Merida Recinos, a faithful mother and grandmother, was the center of her Guatemalan family. The youngest of 6, she kept her siblings, children, nieces and nephews, and grandchildren together throughout their lives as any true matriarch can. Her place in the family changed forever on January, 30, 2009.
At 8:00 am, 60-year-old Merida Recinos was visiting with her daughter and grandchildren. She left to take a bus to her job where, despite her Parkinson’s disease, she cleaned residential homes every day. As she was walking across Route 130 in Cinnaminson, New Jersey, a private bus turned left and hit her, knocking her unconscious. She suffered a massive blow to the left side of her head.
Merida’s daughter called her mother’s cell phone and when her mother didn’t answer, she knew something was wrong. A police officer finally called her back to report what had happened. The family met Merida at the hospital where they learned the devastating news: the blow to Merida’s head had caused serious brain damage. She needed emergency surgery to save her life.
The surgeon removed part of the skull to provide room for the brain to swell and heal. She remained an in-patient in the hospital for two months before she was released. After the accident, Merida required speech therapy, occupational therapy, and physical therapy. She also experienced extreme panic attacks, depression, and drastic personality changes.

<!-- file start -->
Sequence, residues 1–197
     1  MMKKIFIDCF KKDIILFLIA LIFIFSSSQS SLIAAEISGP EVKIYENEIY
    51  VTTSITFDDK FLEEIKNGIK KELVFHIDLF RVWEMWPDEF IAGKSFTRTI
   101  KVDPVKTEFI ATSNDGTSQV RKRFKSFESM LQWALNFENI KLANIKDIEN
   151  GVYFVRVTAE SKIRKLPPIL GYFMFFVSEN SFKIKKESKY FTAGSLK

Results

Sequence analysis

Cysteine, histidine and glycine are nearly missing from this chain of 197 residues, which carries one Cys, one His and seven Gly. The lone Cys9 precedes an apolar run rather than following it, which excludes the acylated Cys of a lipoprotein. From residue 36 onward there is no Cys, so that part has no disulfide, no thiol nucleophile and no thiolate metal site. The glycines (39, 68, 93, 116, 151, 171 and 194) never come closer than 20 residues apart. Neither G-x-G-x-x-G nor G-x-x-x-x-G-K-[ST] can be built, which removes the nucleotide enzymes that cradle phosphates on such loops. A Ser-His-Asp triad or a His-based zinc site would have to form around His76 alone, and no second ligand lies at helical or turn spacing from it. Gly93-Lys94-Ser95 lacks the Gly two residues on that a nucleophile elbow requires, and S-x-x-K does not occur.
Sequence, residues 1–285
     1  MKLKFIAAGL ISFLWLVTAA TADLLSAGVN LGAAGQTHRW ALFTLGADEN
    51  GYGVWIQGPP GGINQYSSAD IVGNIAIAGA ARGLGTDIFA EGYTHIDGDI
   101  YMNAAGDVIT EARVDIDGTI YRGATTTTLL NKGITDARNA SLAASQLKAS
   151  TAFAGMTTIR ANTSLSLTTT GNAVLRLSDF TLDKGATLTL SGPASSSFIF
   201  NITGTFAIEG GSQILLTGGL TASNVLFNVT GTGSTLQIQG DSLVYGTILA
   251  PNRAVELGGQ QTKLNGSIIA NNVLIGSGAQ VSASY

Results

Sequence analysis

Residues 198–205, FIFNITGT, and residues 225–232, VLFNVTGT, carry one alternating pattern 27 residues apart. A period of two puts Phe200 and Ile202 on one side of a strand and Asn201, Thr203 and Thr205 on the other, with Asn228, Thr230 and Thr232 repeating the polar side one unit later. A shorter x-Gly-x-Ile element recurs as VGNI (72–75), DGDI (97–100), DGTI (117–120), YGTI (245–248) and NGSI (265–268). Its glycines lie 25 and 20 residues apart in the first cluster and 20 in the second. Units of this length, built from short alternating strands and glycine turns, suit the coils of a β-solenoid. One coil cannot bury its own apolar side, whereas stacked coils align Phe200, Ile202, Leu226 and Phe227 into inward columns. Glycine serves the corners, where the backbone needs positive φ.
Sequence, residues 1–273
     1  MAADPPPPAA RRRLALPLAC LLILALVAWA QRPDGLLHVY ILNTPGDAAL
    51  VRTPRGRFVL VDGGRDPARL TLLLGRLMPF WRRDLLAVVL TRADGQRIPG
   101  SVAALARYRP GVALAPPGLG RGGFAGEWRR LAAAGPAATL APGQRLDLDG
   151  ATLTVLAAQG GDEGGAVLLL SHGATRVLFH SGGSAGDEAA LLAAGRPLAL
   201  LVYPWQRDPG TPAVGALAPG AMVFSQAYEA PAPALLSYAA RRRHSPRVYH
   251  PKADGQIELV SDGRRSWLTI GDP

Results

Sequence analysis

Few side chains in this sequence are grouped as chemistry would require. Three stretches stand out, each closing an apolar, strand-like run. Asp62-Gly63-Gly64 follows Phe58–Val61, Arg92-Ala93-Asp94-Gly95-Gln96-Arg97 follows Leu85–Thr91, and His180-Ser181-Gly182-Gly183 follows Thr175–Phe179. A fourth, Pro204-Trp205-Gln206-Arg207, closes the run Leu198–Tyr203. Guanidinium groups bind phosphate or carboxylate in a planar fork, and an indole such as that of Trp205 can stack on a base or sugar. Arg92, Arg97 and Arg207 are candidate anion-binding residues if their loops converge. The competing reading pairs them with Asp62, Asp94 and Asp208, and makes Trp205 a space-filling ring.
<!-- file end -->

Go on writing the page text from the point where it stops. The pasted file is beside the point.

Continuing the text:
“Before the accident my mother was a very independent person, somebody who took care of herself, my father, and took care of my kids – she used to babysit for me,” said Ruben, Merida’s adult son. “If I had a question or a problem or concern, she was the rock, the foundation bestowed in our family.”
“She liked to go on trips, she liked to go shopping, she was very active. She liked cooking and taking care of her grandchildren,” said Carmen, Merida’s adult daughter.
Due to the brain injury, Merida had no memory of the accident. Merida suffered what is now classified as a traumatic brain injury.